With the number of salmon in the North Pacific having doubled in the past 50 years, scientists are increasingly concerned there may not be enough food to support them, and changing ocean conditions could make it even worse.
On the surface, the mounting scientific evidence would seem to contradict conventional wisdom that salmon are a disappearing species. But as with everything salmon, it's more complicated.
While more than $13 billion has been spent since 1978 to try to restore endangered wild salmon populations in the Pacific Northwest, salmon hatcheries in the U.S., Russia, Japan and Canada have expanded rapidly.
In 1970, 500 million hatchery-raised salmon were released. In 2008, more than 5 billion hatchery fish headed out to sea. As with wild salmon, only a small percentage of the hatchery fish actually survive to spawn.
Once in the ocean, the hatchery fish are competing for the same food as the wild salmon. While the North Pacific and the Bering Sea may be vast, salmon often congregate in the same feeding grounds.
"Many hatcheries were built on the premise that the ocean had an unlimited capacity to support all salmon," said Gregory Ruggerone, a fisheries scientist who works for Natural Resources Consultants in Seattle.
That may not be true. With nearly 650 million adult Pacific salmon swimming in the ocean at any given time, the competition for food is increasing, and the already shrinking wild stocks could be crowded out.
"It could lead to a reduction in wild stocks," said Randall Peterman, a professor in the School of Resource and Environment Management at Simon Fraser University in Burnaby, British Columbia.
Studies over the past several years suggest competition for food is affecting salmon runs up and down the West Coast, from Puget Sound chinook to Bristol Bay, Alaska, sockeye. In some instances, the fish are smaller when they return, making them more susceptible to predators. In others, runs are actually declining.
The competition between wild and hatchery salmon is nothing new. Wild salmon are considered heartier and more resistant to disease than their hatchery-raised counterparts.
If the salmon you buy at the fish counter isn't farm-raised, it's likely hatchery-raised silver, coho or chinook. Fishermen are expected to toss back any wild ones they catch. Before a salmon is released from a hatchery, one of its fins is clipped to distinguish it from wild ones. The fins can be clipped by hand or using a laser device.
"We know stocks from all over the Pacific intermingle and overlap," Ruggerone said. "There is a melting pot. But there is a lot we don't know."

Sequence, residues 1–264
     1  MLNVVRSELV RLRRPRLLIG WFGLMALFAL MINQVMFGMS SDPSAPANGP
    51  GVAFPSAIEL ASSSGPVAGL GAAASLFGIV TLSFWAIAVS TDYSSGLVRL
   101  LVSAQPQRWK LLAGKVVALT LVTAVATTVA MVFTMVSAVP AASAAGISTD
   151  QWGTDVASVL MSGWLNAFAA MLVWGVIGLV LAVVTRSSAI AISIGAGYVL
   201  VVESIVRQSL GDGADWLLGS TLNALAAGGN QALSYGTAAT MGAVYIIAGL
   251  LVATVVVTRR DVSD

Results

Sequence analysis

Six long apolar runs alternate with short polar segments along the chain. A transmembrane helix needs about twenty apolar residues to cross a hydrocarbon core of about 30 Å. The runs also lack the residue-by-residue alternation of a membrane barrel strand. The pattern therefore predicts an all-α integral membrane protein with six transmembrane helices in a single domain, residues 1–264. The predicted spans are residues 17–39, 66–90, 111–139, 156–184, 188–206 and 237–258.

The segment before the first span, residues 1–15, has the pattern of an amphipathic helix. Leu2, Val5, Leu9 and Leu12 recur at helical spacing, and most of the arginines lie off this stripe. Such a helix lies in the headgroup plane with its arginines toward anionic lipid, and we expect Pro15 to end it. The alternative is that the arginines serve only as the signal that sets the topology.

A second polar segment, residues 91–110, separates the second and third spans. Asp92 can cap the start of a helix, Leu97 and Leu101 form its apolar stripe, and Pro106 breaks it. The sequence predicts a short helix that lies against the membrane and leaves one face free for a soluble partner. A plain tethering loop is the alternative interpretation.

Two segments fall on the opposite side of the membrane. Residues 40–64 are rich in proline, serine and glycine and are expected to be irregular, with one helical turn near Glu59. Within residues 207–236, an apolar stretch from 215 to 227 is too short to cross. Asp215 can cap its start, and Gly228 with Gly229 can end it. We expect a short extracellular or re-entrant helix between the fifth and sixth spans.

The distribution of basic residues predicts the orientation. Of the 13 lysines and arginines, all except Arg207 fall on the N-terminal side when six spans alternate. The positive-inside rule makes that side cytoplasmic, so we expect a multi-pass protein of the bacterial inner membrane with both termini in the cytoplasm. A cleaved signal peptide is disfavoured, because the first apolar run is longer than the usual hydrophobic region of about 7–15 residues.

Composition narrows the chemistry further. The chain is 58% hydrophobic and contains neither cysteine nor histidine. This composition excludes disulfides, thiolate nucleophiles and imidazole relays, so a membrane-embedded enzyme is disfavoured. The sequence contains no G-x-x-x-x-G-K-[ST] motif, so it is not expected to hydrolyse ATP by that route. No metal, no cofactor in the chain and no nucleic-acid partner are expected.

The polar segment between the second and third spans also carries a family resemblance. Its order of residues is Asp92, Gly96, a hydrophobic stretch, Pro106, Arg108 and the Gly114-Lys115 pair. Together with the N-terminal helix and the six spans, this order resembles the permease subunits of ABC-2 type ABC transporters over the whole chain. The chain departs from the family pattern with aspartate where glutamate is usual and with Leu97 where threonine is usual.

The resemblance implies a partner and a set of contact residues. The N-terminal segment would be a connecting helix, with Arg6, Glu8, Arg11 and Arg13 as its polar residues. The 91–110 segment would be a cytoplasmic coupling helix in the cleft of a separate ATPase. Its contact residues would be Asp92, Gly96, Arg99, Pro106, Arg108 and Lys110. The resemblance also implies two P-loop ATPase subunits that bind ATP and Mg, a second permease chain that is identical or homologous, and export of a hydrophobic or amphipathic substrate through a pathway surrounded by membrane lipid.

The issue of too many salmon and too little food is an international one, with Japanese hatcheries releasing mostly chum salmon, which are valuable for their roe, and the Russian releasing pink salmon.
"Five years ago at a conference in Russia, a guy stood up and said I was trying to start a war between Russia and the U.S.," Ruggerone said.
Since the mid-1970s, the waters of the North Pacific have been slightly warmer, creating an upwelling that brings zooplankton, krill and other salmon food favorites to the surface. But a 20- to 30-year weather cycle known as the Pacific decadal oscillation could soon reverse itself, and colder waters means less food for the salmon.
Climate change is causing even greater uncertainty.
"This concern about competing for limited resources may become considerably more acute if the North Pacific area occupied by salmon decreases due to climatic change," according to an article co-authored by Ruggerone and Peterman published this fall in a technical journal published by the American Fisheries Society.
The article talks about a "common pool" of salmon food in the North Pacific and suggests hatchery fish have become so abundant that there may not be enough food for the wild fish.
Despite years of study, salmon remain pretty much a mystery fish when it comes to the time they spend in the ocean. While much is known about the time they spend in fresh water and their journey down rivers and streams to the sea, once they enter salt water they pretty much disappear for up to three years, only to return to fresh water to spawn.
Pink salmon, the most abundant type of salmon, could be the main culprit when it comes to competition for food. While some juvenile salmon stocks linger in fresh water for a year or more, pinks rush to the ocean where they have first crack at the food and return a year later to spawn.
Scientists know Pacific salmon can migrate thousands of miles once they enter the ocean. Studies of fish that had been tagged at the hatcheries and later caught have shown the fish are capable of traveling remarkable distances. But most of the studies date to the 1960s and 1970s, and scientists now want to use genetic testing to better track their journeys to the North Pacific feeding grounds.
"We have some idea what is going on, but there is a lot we don't know," Ruggerone said.
During the past several years, Ruggerone said, one West Coast salmon run had roughly three times as many fish return as expected and only a tenth of the fish expected in another run showed up. No one knows why.
"The thing about science is every answer generates 10 more questions," Ruggerone said.
Explore further: Pragmatic approach to saving what can be saved
Washington Department of Fish and Wildlife:
North Pacific Anadromous Fish Commission:
U.S. Fish and Wildlife Service: